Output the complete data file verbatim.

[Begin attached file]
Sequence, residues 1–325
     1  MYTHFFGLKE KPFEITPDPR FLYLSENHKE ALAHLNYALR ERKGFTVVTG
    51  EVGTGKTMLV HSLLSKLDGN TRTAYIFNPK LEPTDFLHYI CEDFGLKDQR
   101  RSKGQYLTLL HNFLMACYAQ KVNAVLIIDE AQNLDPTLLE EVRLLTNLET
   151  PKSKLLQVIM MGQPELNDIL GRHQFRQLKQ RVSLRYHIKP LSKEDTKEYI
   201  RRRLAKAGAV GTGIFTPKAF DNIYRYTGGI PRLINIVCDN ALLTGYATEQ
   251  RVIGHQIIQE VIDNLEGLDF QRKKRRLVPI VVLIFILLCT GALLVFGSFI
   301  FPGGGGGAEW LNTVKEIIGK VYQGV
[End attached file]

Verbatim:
Sequence, residues 1–325
     1  MYTHFFGLKE KPFEITPDPR FLYLSENHKE ALAHLNYALR ERKGFTVVTG
    51  EVGTGKTMLV HSLLSKLDGN TRTAYIFNPK LEPTDFLHYI CEDFGLKDQR
   101  RSKGQYLTLL HNFLMACYAQ KVNAVLIIDE AQNLDPTLLE EVRLLTNLET
   151  PKSKLLQVIM MGQPELNDIL GRHQFRQLKQ RVSLRYHIKP LSKEDTKEYI
   201  RRRLAKAGAV GTGIFTPKAF DNIYRYTGGI PRLINIVCDN ALLTGYATEQ
   251  RVIGHQIIQE VIDNLEGLDF QRKKRRLVPI VVLIFILLCT GALLVFGSFI
   301  FPGGGGGAEW LNTVKEIIGK VYQGV